XML Handyman Norm Walsh

Remodeling Your e-Content Is Just a Click Away With XML Handyman Norm Walsh Walking You Through the House of Data Improvement

Online resource site provides everything from step-by-step help for eradicating pesky proprietary data to practical tutorials on existing and emerging standards that could leave your tools behind

WALTHAM, MA. September 21, 1999.

No Extensible Markup Language (XML) job is too big or small for Norm Walsh, Arbortext's e-contractor extraordinaire, who plans to take on a wide range of projects and issues in his new online column, Standard Deviations from Norm."

Readers can forget about the boredom of white papers and sleepy tutorials. Standard Deviations from Norm, located at www.arbortext.com, provides not only valuable how-to insights for those trying to implement for the latest XML standard but also a wealth of XML-related resources and links.

Hosted by Walsh, who is a principal software engineer for Arbortext and XML standards guru, readers can look forward to rolling up their technical sleeves and learning how to take on XML projects the smart way, saving themselves pain and money by following a leader in the XML world. The first issue of Norm's column provides advice about XPath, an XML path language that will be an important building block for future specifications. Norm shows readers how XPath will provide a common foundation for solving the fundamental problem of locating elements, attributes, and other XML document nodes in a concise and interoperable way. This will allow stylesheets, links, and other developing web technologies to use a standard set of mechanisms to describe locations in an XML document, increasing interoperability and reducing user confusion.

With a new column every six weeks, Norm's column gives implementation advice on the important aspects of XML. The column is especially valuable to those who are trying to build XML content today.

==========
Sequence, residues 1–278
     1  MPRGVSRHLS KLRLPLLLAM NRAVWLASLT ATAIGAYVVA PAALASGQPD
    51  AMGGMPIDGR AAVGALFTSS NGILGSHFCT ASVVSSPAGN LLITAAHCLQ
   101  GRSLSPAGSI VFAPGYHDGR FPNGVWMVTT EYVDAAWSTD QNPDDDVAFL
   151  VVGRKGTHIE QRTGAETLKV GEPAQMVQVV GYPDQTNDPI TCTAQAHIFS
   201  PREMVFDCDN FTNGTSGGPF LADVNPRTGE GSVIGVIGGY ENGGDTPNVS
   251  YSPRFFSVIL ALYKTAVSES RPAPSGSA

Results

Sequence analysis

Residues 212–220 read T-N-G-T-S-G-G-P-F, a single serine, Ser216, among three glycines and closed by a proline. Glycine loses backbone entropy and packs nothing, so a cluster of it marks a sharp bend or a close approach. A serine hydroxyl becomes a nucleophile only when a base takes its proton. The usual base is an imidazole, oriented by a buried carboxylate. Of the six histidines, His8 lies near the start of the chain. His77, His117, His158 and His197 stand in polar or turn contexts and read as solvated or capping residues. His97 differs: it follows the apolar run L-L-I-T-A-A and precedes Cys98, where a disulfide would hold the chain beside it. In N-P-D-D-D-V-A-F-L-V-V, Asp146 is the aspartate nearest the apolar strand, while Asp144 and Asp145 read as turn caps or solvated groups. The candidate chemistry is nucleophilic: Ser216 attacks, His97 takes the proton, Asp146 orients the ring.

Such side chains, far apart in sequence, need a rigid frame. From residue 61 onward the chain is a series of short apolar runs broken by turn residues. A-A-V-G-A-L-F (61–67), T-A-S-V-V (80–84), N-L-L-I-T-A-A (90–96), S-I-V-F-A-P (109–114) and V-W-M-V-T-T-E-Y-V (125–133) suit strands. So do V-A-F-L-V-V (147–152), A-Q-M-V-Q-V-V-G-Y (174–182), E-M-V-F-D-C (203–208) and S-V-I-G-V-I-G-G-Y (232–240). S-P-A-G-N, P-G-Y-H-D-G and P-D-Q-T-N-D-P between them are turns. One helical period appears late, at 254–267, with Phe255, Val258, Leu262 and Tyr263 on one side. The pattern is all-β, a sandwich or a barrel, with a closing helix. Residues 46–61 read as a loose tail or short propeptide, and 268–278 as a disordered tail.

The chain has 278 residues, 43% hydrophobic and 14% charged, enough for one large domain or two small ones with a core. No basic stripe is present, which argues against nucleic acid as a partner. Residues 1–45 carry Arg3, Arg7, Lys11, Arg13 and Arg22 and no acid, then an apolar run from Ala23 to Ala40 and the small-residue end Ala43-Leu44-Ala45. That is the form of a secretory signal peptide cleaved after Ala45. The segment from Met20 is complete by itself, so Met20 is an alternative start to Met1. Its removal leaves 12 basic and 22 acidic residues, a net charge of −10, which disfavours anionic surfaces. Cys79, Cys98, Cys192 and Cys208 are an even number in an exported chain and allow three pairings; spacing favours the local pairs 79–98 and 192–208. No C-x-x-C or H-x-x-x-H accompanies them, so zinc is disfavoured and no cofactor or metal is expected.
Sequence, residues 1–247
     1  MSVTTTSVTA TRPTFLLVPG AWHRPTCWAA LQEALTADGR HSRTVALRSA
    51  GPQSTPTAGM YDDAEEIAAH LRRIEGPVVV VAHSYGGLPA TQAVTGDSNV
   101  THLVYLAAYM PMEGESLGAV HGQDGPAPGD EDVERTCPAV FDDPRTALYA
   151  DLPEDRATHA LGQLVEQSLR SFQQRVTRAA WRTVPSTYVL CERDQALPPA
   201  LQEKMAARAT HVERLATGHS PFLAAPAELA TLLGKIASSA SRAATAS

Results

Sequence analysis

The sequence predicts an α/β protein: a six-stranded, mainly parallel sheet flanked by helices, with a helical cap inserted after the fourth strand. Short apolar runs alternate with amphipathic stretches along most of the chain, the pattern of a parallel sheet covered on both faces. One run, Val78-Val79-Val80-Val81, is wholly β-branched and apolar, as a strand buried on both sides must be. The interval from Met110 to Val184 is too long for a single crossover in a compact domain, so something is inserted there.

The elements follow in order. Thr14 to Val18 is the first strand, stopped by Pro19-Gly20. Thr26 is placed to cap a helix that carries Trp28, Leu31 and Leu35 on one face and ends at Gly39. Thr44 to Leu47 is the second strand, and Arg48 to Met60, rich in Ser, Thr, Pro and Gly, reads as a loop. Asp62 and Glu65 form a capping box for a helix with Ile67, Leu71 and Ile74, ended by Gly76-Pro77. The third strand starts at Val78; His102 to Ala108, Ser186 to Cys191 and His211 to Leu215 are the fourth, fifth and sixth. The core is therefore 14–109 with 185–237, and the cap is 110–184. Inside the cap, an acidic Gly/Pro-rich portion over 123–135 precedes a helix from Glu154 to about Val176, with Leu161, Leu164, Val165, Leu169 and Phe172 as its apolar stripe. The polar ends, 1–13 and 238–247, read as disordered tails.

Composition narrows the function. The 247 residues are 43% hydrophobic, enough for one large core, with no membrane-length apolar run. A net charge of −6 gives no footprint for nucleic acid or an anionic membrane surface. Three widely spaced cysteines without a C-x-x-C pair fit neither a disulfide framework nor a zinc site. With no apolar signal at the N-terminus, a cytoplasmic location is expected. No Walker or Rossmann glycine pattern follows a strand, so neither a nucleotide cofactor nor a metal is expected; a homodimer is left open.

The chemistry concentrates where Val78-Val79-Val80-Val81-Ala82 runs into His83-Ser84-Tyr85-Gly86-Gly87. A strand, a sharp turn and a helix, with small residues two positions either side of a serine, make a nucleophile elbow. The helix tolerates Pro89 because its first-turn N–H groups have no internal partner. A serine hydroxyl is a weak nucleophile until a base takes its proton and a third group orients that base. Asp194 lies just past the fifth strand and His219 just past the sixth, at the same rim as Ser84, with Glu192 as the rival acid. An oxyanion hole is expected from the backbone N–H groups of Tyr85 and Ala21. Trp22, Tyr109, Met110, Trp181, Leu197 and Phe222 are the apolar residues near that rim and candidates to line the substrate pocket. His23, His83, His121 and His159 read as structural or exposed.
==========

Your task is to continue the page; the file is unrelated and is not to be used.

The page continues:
A future column will address the World Wide Web Consortium's (W3C) endorsed recommendation, XML Namespaces -- a way to mix two or more XML-based languages in one document without conflict or ambiguity. The section also provides links to other resources, including standards information, XML authoring tips, calendars and agendas for upcoming educational events, end- user forums and online product tutorials. Norm occasionally "deviates" from the how-to format to offer up a pointed XML-related opinion.

As a principal software engineer with Arbortext, Walsh works on core product technologies and with customers to develop and implement the standards-based solutions that best meet their unique needs.

Walsh is also an active participant in several standards efforts, including the DocBook Technical Committee of OASIS, where he is a member of the Editorial Board. In addition, he chairs the OASIS Tables Technical Committee and is a member of the W3C Extensible Stylesheet Language (XSL) Working Group. He is also a contributor to xml.com. Prior to joining Arbortext, Walsh developed online books and Web technologies for a publishing company and developed a number of large Web resources. He is the author of "DocBook: The Definitive Guide," published by O'Reilly & Associates.

Walsh received his master's degree in computer science from the University of Massachusetts, Amherst.

About Arbortext

Arbortext is the leading provider of XML-based e-Content software to Global 5000 organizations. Arbortext solutions enable companies to create, manage and deliver vital business information automatically via the Web, CD- ROM or paper media, speeding time-to-market while reducing costs. For more information about Waltham, Mass., -based Arbortext, visit the company Web site at www.arbortext.com.

SOURCE: Arbortext, Inc.